U-M President Mary Sue Coleman on Snyder's budget proposal: 'Why should we get so little?'
As the state Legislature reviews Gov. Rick Snyder's budget proposal in Lansing, University of Michigan President Mary Sue Coleman lambasted it before a group of faculty members Monday afternoon.
"We have gone in a decade from a top 10 state in higher education support to a bottom 10 state. We've raced to the bottom," Coleman said.
"Clearly the state has been under financial pressure.... But our prisons budgets have grown pretty darn dramatically, so you have to ask what’s more valuable" she continued. "We have taken the brunt (of budget cuts). The state has balanced its budget on the back of higher education."
Sndyer's proposal allots $1.4 billion of the state's $48.2 billion fiscal 2012-13 budget to higher education, up $36 million, or 3 percent, from the $1.34 fiscal 2011-12 allotment. Prisons are set to receive $1.6 billion and currently house 43,000 inmates.
The governor proposes that the $36 million increase be tied to a formula that recognizes universities for increasing graduation rates, the number of degrees awarded in critical skill areas, the number of Pell Grants awarded to enrolled students and tuition restraint.
With a six-year graduation rate of 89.7 percent —a rate that's already one of the highest in the country and not likely to significantly improve,— the lowest rate of Pell Grants at any university in the state and an average yearly tuition increase of 5.5 percent over the past 10 years, U-M doesn't fare well under Snyder's formula.
"If that’s the metric then we’re sunk," Coleman said bluntly.
In fact, U-M is to receive a 1.4 increase if Snyder's proposal is passed as-is, the second-lowest incremental increase in the state. The highest increase, a 7.6 percent bump, is planned for Grand Valley State University.
Nonetheless, U-M is set to receive $3.9 million in extra funds, the second-highest dollar amount of the $36 million increase. The school's total appropriations are drafted at $272.7 million.
U-M received roughly $368 million in state appropriations in 2002, the year Coleman began her tenure at the university. That year $1.85 billion was allotted to higher education and corrections was given $1.69 billion.
"It's tantamount to figuring out what the best diet is for a chicken and then taking that chicken feed and giving it to your very expensive thoroughbred racing horse," said Kimberlee Kearfott, vice chair of the faculty-run Senate Advisory Committee on University Affairs and an engineering professor. "You need different types of metrics for different types of universities."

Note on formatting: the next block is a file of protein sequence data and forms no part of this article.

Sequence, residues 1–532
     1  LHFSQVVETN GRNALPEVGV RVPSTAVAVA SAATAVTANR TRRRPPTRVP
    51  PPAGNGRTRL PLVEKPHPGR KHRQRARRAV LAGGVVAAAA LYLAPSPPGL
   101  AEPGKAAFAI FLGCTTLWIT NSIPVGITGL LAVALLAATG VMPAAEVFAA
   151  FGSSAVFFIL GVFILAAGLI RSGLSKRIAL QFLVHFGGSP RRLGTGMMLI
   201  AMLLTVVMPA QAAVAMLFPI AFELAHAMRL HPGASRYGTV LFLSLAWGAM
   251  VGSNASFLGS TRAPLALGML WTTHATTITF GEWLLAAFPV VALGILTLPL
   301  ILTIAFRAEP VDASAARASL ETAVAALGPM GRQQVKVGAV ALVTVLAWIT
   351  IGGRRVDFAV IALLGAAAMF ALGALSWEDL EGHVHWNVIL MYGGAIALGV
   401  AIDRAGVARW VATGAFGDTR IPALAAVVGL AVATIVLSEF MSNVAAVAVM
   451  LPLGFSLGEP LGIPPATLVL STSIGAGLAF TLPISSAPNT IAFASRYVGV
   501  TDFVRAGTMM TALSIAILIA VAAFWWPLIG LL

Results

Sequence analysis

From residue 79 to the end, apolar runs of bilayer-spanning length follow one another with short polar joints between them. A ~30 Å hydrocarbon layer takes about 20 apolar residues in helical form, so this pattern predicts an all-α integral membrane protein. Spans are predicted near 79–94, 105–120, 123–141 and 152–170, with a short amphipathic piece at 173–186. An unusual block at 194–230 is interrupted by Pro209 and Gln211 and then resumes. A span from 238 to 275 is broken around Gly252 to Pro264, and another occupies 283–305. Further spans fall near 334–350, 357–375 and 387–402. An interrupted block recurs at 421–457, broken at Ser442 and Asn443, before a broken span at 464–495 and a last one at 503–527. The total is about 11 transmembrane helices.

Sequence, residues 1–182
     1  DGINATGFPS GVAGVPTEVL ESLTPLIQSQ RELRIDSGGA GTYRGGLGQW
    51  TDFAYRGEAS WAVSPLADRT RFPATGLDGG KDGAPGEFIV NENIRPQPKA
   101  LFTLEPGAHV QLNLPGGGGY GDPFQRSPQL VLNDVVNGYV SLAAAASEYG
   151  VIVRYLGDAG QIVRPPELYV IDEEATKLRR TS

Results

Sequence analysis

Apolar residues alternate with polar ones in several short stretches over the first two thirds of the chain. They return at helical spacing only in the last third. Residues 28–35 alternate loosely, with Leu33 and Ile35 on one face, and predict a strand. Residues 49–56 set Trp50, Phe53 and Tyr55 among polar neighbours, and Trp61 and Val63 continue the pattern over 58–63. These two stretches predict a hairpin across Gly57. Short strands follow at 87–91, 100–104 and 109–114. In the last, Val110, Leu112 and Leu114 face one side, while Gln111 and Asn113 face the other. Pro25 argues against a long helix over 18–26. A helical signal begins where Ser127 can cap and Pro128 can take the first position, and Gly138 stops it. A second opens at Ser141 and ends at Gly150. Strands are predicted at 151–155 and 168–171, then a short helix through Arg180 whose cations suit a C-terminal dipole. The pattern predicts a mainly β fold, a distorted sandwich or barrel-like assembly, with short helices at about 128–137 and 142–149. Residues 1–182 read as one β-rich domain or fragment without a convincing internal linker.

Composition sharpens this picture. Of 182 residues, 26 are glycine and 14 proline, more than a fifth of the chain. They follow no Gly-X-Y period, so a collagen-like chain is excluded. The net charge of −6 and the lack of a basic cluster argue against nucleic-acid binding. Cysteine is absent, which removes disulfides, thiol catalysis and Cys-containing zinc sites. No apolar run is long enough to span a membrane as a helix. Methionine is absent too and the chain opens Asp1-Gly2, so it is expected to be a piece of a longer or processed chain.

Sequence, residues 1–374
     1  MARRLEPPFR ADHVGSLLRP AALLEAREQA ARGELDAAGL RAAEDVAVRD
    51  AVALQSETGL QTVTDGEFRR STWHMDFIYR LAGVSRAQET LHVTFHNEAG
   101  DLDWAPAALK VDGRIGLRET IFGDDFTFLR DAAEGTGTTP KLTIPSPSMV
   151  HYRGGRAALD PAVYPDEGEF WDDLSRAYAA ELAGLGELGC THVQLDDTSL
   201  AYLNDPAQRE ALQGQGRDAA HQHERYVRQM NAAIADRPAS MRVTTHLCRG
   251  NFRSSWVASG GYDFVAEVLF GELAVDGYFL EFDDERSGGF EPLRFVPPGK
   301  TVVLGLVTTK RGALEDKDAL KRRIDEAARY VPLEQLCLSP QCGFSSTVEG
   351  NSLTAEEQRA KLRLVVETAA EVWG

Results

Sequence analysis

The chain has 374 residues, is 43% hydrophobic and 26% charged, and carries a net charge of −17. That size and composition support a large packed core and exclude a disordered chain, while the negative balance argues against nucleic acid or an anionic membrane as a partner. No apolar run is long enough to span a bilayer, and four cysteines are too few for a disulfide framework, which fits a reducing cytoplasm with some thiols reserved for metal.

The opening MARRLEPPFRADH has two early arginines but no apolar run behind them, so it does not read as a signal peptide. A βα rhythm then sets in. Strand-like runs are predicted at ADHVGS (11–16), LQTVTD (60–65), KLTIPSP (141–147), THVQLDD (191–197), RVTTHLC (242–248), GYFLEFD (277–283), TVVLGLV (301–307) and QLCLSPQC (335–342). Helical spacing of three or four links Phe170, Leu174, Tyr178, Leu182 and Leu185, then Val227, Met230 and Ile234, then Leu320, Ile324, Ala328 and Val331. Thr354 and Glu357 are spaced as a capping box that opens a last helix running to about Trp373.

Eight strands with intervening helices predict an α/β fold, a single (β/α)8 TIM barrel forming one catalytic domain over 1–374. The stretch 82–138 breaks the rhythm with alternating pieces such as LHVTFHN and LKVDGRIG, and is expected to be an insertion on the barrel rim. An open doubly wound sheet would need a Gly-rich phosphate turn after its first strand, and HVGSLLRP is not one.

Coleman agreed, saying that it makes no sense for the Legislature to compare U-M to lower tier schools and then for U-M to lose out in the process.
"We should be worried with how we compare to Princeton and Yale, not (state universities)," Coleman said. "Why would you want to penalize your most successful university in the state? It makes no sense to me.... Why should we get so little?"
As she has before, Coleman said the metrics are "very backward-looking" and would work better if they rewarded graduate education and entrepreneurship. Yet she stressed strongly her opposition to a set formula for doling out higher education dollars.
"We’ve been proposing alternatives with every breath that we have," Coleman said, saying that she saw formula funding models go awry in her time as an administrator in New Mexico and Iowa. "Formulas worry me, because I’ve seen it happen in other places that they say 'Well we can't fund the formula so we’ll just fund it at a certain percentage.' The formula means nothing."
Coleman is going to Washington D.C. on Tuesday to speak about higher education funding before Congress. In addition to addressing dwindling state funding, she will also address shrinking federal support, she said.
During the SACUA meeting, Coleman referenced President Barack Obama's January speech in Ann Arbor about reining in college costs. Obama said then that states need to reinvest in higher education and that universities need to quit letting tuition skyrocket. Coleman said the university has tried to cut operational costs, but has had no choice but to raise tuition.
"I can get beat up all everybody wants to about tution increases, but when you have this kind of disinvestment... there’s still a gap," she said.
Coleman criticized Snyder's budget proposal before the Michigan House Appropriation Higher Education Subcommittee earlier this month. More committee testimony from other university presidents is expected before the Legislature finalizes next year's budget.